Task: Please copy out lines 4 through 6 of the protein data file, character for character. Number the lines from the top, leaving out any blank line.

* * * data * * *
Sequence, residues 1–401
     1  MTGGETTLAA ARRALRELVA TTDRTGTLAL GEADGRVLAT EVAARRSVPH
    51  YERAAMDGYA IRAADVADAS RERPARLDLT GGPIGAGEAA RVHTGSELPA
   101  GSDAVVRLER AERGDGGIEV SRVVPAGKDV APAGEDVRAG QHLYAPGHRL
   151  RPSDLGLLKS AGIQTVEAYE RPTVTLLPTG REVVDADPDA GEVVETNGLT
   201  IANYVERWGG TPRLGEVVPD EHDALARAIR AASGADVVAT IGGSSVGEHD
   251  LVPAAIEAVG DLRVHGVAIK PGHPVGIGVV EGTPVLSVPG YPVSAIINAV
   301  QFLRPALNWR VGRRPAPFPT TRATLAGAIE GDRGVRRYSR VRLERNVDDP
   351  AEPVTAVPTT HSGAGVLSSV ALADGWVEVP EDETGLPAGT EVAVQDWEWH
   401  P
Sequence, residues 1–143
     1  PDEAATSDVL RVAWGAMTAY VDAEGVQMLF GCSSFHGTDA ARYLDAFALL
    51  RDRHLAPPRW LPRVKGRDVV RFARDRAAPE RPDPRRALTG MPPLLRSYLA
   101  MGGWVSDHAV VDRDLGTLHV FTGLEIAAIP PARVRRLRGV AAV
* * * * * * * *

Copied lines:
   101  GSDAVVRLER AERGDGGIEV SRVVPAGKDV APAGEDVRAG QHLYAPGHRL
   151  RPSDLGLLKS AGIQTVEAYE RPTVTLLPTG REVVDADPDA GEVVETNGLT
   201  IANYVERWGG TPRLGEVVPD EHDALARAIR AASGADVVAT IGGSSVGEHD